TPM News

The Milwaukee Journal Sentinel’s Washington bureau chief, Craig Gilbert, tells Politico what it was like to be in the room with Herman Cain when he stumbled over a question on President Obama’s actions on Libya. Here’s the key phrase:



I thought we had a moment that could be pretty incendiary. We came out of there, we discussed it, and all kind of looked at each other and shook our heads about the way he handled that one question. You never know how something like that is going to be perceived by people, [but] we were prepared for it to generate a lot of attention…

It's hard to reconcile Steny Hoyer's optimism about the Super Committee with his own assessment of the GOP's allergy to tax increases.

The top Democratic vote counter in the House says he thinks that far-reaching legislation to reduce deficits over 10 years can both pass the lower chamber and meet the terms of President Obama's veto threat -- that every dollar of cuts to Medicare benefits must be matched by a dollar in new revenue taken from wealthier Americans. But it's hard to square that with the facts on the ground.

At his weekly Capitol briefing with reporters I asked Hoyer if deficit Super Committee legislation that meets President Obama's standard could pass the House.

"Yes I do," Hoyer said. "I think that if we work together in a bipartisan way, as frankly we have on all the fiscal issues that before the Congress in the House of Representatives: The first CR, the second CR, the debt limit.... I think it can, with bipartisan votes."

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House Republicans are painting Democrats like Minority Whip Steny Hoyer (D-MD) as hypocrites for opposing a Constitutional Balanced Budget Amendment set for a Friday floor vote -- even though they voted to send an identical amendment off to the states for ratification in 1995.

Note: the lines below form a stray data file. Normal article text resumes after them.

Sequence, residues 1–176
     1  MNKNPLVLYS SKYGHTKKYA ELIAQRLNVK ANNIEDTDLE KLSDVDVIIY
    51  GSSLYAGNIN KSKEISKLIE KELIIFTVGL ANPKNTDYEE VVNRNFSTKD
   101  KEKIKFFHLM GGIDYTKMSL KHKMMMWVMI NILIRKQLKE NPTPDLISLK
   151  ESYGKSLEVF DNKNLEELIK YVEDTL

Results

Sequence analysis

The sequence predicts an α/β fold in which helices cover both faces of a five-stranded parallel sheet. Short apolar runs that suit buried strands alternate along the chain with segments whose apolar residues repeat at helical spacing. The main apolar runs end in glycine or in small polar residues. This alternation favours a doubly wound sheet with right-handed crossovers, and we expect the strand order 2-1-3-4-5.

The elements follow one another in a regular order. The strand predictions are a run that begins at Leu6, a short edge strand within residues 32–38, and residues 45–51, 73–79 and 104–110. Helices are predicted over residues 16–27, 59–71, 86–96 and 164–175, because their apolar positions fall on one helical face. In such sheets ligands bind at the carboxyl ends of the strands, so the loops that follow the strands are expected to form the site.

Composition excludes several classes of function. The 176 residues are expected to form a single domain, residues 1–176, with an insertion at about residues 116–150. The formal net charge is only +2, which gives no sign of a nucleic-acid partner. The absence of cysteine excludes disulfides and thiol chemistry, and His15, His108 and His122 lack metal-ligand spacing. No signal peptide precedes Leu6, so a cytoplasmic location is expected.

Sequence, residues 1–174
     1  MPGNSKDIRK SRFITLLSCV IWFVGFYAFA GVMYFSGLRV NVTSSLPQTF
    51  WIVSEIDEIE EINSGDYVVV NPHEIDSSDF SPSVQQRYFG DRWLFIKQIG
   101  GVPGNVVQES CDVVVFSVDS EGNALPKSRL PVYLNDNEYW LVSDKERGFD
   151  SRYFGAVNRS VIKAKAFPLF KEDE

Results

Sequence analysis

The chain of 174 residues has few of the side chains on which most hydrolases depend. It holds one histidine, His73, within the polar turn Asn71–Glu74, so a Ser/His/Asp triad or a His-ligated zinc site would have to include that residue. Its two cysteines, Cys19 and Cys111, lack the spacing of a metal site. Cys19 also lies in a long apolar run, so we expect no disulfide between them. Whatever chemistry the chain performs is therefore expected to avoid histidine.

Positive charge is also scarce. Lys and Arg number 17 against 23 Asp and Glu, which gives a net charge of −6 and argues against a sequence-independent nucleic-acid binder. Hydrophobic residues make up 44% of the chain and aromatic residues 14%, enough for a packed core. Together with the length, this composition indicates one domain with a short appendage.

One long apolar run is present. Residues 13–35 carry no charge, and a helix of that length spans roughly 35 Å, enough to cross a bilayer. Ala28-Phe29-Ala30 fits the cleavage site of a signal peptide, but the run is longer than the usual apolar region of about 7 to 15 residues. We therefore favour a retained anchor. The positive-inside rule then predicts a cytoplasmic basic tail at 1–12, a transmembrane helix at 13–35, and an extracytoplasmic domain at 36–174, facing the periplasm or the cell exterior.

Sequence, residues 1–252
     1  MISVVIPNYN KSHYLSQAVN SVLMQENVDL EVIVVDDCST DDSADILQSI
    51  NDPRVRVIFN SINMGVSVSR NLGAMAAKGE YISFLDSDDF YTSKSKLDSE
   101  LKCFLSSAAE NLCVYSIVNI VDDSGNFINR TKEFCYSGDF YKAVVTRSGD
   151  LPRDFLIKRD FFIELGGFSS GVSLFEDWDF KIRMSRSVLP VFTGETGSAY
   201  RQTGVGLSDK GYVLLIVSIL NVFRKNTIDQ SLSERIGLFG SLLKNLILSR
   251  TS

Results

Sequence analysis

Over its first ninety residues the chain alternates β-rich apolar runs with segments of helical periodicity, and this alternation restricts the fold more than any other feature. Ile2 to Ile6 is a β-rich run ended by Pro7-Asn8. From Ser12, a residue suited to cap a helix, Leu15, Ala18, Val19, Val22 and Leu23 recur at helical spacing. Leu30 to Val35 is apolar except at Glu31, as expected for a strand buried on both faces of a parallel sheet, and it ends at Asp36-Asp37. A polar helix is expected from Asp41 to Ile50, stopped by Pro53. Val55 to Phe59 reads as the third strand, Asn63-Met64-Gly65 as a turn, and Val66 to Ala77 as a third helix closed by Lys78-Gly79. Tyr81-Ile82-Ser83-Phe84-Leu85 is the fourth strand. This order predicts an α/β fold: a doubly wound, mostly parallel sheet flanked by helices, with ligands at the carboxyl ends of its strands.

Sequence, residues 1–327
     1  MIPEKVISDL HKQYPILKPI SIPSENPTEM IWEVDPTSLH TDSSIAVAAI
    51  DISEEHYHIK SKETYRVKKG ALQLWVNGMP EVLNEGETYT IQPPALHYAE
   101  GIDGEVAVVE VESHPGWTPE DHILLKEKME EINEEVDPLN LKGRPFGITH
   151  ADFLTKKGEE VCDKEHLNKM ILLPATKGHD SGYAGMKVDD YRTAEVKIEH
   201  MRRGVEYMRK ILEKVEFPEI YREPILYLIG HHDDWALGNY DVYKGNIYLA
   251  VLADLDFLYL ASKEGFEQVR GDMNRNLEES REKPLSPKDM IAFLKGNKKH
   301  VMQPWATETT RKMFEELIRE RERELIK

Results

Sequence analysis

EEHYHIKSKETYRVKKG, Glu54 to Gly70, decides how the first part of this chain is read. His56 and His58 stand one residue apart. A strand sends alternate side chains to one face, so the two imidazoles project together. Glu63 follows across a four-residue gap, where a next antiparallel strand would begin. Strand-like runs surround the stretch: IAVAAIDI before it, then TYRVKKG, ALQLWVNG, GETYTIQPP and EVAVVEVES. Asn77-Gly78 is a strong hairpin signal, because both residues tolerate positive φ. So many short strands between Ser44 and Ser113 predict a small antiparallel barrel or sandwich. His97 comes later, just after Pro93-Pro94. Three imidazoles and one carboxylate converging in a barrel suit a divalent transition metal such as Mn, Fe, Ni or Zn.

In his weekly briefing with reporters Tuesday, Hoyer offered a comprehensive defense of his change of heart and argued that Republicans have proved too irresponsible to steward a country that is required by its Constitution to maintain balanced budgets every year.

"Since I voted in January of '95 a lot of things have happened," Hoyer said.

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A half-naked man surprised Secretary of State Hillary Clinton while she was attending a photo-op in Hawaii this weekend. Watch:



Conservative columnist Matthew Vadum explained to the Texas-based King Street Patriots on Monday night that his "Registering The Poor To Vote Is Un-American" article may have been "indelicately worded" but said his larger point stands.

"Why do I hate democracy and the poor?" Vadum joked, clarifying that he "wasn't saying that people shouldn't have the right to vote if they're poor."

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The Associated Press reports:



Defense Secretary Leon Panetta on Tuesday defended President Barack Obama’s decision to withdraw U.S. troops from Iraq in seven weeks, but left open the possibility for continued negotiations with Baghdad over a force presence there.